By now, it's obvious that the farm economic crisis is largely caused by an oversupply of corn and soybeans with not enough demand.
Meanwhile, climate change looms large over the U.S., one of the symptoms being destructive hurricanes that damage oil refineries in Texas.
We can look to previous farm depressions for advice. In the past, renewable fuels have been key in raising producers out of tough times. This is why it makes no sense that the U.S. Environmental Protection Agency (EPA) has announced lower proposed renewable fuel volume obligations under the Renewable Fuel Standard (RFS.)
Corn growers sell millions of bushels of corn to ethanol plants every year. Soybean growers need more opportunities to market their products, like biodiesel.
The U.S. needs to reduce its dependence on fossil fuels.
President Donald Trump has said on multiple occasions that he wants to grow the ethanol industry. That's a good promise to keep. But his energy secretary, Rick Perry, asked the EPA to waive half the conventional renewable fuel quota as Texas governor in 2008, according to a Bloomberg News story. His EPA Administrator, Scott Pruitt, is the leader of the agency that seems to be working against the interests of U.S. farmers and the environment.
The EPA has released a Notice of Data Availability, inviting public comments on "potential options for reductions in the 2018 biomass-based diesel, advanced biofuel and total renewable fuel volumes, and/or the 2019 biomass-based diesel volume under the (RFS) program."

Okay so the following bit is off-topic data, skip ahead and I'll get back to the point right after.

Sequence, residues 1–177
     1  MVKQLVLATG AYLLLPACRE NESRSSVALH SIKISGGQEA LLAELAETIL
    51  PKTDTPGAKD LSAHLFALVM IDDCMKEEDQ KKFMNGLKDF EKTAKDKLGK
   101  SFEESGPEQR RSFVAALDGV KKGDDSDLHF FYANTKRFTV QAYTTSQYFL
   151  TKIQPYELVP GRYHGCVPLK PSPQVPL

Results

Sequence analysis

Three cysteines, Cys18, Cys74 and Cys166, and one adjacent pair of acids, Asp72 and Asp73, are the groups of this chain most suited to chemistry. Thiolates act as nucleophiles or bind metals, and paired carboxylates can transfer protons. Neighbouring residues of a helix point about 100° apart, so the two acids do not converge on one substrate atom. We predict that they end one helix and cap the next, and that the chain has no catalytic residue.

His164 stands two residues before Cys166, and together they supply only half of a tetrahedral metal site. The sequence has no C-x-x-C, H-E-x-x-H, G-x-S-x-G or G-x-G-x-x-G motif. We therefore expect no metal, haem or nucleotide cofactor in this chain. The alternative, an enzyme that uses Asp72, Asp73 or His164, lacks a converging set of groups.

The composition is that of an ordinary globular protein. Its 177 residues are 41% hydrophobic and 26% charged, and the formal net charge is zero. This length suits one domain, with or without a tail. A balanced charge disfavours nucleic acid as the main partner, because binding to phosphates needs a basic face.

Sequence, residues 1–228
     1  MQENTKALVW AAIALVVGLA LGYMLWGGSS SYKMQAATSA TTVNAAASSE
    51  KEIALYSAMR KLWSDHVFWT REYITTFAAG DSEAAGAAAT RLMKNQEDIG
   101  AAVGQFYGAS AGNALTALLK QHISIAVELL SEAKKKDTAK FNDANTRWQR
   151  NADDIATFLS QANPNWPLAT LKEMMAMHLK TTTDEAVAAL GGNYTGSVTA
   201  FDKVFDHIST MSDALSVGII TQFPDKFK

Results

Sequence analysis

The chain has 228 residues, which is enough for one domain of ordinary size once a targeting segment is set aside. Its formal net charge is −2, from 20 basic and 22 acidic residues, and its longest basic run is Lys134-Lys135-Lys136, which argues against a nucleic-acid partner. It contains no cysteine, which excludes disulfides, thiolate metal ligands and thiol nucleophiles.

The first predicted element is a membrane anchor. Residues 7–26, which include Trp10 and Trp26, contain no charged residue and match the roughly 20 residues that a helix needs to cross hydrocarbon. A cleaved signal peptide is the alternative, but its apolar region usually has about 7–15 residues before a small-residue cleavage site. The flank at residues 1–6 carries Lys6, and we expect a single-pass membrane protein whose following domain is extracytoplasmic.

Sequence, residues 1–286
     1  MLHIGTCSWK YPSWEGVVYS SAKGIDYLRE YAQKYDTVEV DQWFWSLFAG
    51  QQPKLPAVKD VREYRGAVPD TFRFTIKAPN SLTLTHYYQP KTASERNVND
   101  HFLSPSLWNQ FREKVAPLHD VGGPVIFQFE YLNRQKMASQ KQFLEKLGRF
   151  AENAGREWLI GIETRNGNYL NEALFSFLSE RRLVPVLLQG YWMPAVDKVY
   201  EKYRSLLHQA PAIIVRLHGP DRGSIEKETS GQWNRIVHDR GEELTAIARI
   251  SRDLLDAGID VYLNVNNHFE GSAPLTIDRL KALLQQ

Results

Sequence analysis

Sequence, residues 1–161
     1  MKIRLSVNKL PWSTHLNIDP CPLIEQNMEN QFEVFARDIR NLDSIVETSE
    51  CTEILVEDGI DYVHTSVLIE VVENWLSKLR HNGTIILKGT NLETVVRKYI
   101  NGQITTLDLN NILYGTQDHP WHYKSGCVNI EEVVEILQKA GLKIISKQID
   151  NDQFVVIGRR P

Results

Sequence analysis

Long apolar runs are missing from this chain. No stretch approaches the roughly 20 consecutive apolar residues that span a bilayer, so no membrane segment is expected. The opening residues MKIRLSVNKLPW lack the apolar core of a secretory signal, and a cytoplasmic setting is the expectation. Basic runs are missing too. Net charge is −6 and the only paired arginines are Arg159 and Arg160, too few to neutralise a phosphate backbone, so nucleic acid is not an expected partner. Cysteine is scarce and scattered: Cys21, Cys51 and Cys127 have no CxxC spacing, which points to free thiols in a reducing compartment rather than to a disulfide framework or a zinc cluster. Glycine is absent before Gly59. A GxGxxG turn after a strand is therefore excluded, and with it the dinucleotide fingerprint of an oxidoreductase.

The notice includes suggestions of reducing biomass-based diesel by 315 million gallons. This would drop the total Renewable Volume Obligation, which includes conventional ethanol, to 18.77 billion gallons from 19.24 billion gallons. The good news is that there's nothing mentioned about changing the Trump administration's call for 15 billion gallons of availability for conventional biofuel, which is typically corn ethanol. However, the fact that EPA is considering rolling back renewable fuels of any kind is still a concern.
The RFS law is intended to expand markets for biofuels produced in the U.S. Plus, biofuels provide jobs for rural America and lower the cost of fuel for consumers.
Another piece of good news for Minnesota is the B20 mandate. Starting in spring 2018, diesel fuel sold here will be required to contain at least 20 percent biodiesel. That's an increase from the current B10.
The entire nation should be going this direction. We need ethanol and other biofuels because they are grown in the United States, provide a boost to farmers and reduce our dependence on fossil fuels. Some of the biggest oil refineries in America were just hit hard by Hurricane Harvey and were shut down for weeks, driving gas prices up everywhere.
Turning to more renewable fuels can ease that pain in the future. Minnesota Farmers Union urges the EPA to increase biofuel volume requirements — not decrease them.